Sure, one wouldn't notice if someone dressed in an LED clown suit with a megaphone started jumping up and down with a wand announcing, "Please remain immobile, I am about to scan you." But you're not going to notice if there's a reader embedded in the wall of a hallway where you're walking.

            • Re: (Score:2, Informative)

              by zombiestomper (228123)
              If you RTFA, you will note that the RFID tag is only readable from "Up to four feet away". Somehow I don't think that really counts as a great distance.
              When's the last time you saw a doorway over 4-feet wide? Unless you plan on staying in the wide-open spaces the rest of your life, you're going to be scanned and tracked. All it takes is a simple scanning device and a building entrance. They already have tags and scanners at doors for tracking stolen, they just add a new scanner that tracks RFID and vi
            • Re: (Score:3, Funny)

              If you place RFID readers at certain strategic locations, you can go a long way to detecting the presence of, say, pedophiles that have been paroled and are hanging out near a school (assuming you have hidden RFID readers near schools, of course.)

              There must be some term coined by now, akin to Godwin's law, that as the length of a discussion increases, the probability of someone using combatting pedophillia to justify their argument approaches 1.

              However, unlike Godwin's law, the person who brings up pedophil

            • Yeah, we could use them just on criminals and the military, just like fingerprints. Of course, it won't be more than a few years before schools start offering to tag your kids "for their protection", you know... just like fingerprints. Of course, a few years later, we can start requiring them for getting a drivers license, you know... just like finger prints. After all, 'driving is a privilege', right? You don't have to get a drivers license. You can just use all the really good public transportation
            • One of the interesting things about technology is that it rarely gets worse, which is to say: *today* the reader can scan you from about four feet away. What about next month when a new design can do 8 feet? and next year when it can do 40? At what distance do you get nervous about any arbitrary stranger being able to unambiguously identify you without your knowledge? For me, *any* distance is too far. But, hey, maybe you've never had a stalker.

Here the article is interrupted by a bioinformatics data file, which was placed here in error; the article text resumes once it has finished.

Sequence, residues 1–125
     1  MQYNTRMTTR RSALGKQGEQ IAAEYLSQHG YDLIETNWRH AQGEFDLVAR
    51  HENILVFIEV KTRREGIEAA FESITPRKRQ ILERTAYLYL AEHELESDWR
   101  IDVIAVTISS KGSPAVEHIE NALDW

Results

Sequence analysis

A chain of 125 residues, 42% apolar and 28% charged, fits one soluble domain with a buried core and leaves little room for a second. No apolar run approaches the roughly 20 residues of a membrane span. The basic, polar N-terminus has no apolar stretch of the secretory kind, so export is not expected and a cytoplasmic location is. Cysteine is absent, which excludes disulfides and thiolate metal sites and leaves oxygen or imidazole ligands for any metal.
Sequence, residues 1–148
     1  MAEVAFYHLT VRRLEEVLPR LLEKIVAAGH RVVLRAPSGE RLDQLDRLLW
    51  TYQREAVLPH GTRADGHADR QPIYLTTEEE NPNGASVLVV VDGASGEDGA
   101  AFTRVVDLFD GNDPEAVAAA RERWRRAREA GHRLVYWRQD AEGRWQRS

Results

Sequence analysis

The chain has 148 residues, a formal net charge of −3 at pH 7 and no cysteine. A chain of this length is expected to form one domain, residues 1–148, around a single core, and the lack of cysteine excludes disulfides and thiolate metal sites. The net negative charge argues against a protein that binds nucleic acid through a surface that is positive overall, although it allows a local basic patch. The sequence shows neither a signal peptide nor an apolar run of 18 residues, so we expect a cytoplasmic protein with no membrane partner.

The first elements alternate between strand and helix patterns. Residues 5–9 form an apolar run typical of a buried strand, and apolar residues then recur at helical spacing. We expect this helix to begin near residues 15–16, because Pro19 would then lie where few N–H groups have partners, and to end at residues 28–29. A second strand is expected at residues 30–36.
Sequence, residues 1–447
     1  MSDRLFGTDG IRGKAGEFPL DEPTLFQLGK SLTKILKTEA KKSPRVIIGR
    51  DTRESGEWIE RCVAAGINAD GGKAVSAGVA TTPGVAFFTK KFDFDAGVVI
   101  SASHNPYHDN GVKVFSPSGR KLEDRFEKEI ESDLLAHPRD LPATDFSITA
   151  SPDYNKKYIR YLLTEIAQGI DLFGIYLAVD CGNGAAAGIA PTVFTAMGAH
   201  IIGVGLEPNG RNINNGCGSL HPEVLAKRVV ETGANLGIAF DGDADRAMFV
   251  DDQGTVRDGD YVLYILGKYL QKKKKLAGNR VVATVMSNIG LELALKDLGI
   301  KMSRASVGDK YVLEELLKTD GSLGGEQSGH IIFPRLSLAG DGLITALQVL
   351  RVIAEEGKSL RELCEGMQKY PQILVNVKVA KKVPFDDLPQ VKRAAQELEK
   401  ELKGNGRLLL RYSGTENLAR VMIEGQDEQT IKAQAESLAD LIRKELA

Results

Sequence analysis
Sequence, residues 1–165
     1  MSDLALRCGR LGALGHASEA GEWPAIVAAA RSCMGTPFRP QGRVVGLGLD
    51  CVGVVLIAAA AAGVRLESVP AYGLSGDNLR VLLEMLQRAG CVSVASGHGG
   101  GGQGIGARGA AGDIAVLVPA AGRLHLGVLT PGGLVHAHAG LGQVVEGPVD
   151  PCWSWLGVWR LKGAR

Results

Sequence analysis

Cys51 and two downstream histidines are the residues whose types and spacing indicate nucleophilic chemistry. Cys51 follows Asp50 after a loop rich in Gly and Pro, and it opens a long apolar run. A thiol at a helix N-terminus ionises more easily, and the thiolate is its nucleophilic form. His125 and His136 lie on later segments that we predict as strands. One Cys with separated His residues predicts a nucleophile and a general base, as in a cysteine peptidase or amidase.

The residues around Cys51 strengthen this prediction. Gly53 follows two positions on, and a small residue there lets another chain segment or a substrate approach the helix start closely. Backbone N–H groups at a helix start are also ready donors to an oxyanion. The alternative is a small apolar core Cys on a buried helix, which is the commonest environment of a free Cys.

• by npsimons (32752) *

              If you place RFID readers at certain strategic locations, you can go a long way to detecting the presence of, say, pedophiles that have been paroled and are hanging out near a school (assuming you have hidden RFID readers near schools, of course.)

              This and the registering of sexual offenders has always bothered me, and not just because of the privacy implications or the fact that sometimes innocent people are convicted or because "sexual offenses" can be something as simple as being seen peeing in the bush

            • by couchslug (175151)
              " But for Soldiers the RFID tattoo has a great advantage over the dog tag as it cannot be lost. If it is small, removable via inexpensive laser surgery, and placed on a couple different points around the body, it is useful for identifying bodies that have been badly mangled due to things like bombs, mines, and other explosives."

              G.I.s already provide DNA samples. DNA in bones and teeth survives fire and decomposition much better, making RFID unnecessary.
            • by sco08y (615665)
              2) In the case of regular citizens, I absolutely agree with you. But for Soldiers the RFID tattoo has a great advantage over the dog tag as it cannot be lost. If it is small, removable via inexpensive laser surgery, and placed on a couple different points around the body, it is useful for identifying bodies that have been badly mangled due to things like bombs, mines, and other explosives.

              All military personnel have their DNA on file for that purpose.
          • by walt-sjc (145127)
            "We don't need to see your papers or ID. We already know who you are, and where you have been."
        • Re: (Score:2, Insightful)

          by Ziwcam (766621)

          ... same as serial numbers and bar codes.

          I don't see why people get their panties in a bunch over RFID when it doesn't offer anything that we don't already have with bar codes.

          The issue I would have with this, being ex-military myself, is the fact that an RFID tattoo would be permanent. When you're done with the military you can just throw your ID card away. Not-so-easy when that ID is tattoo'd permanently into your skin.

      • Re: (Score:2, Funny)

        by ElectricRook (264648)
        Actually, I think the people tracked as "stock", would become "Livestock".
      • Re: (Score:3, Insightful)

        by Goaway (82658)
        It's a sad thing to see - RFID is essentially a stock tracking system, add it to people and you too are stock to be tracked.

        How, exactly, do you think the military works? Every soldier is treated as a precious little snowflake?
      • Re: (Score:3, Insightful)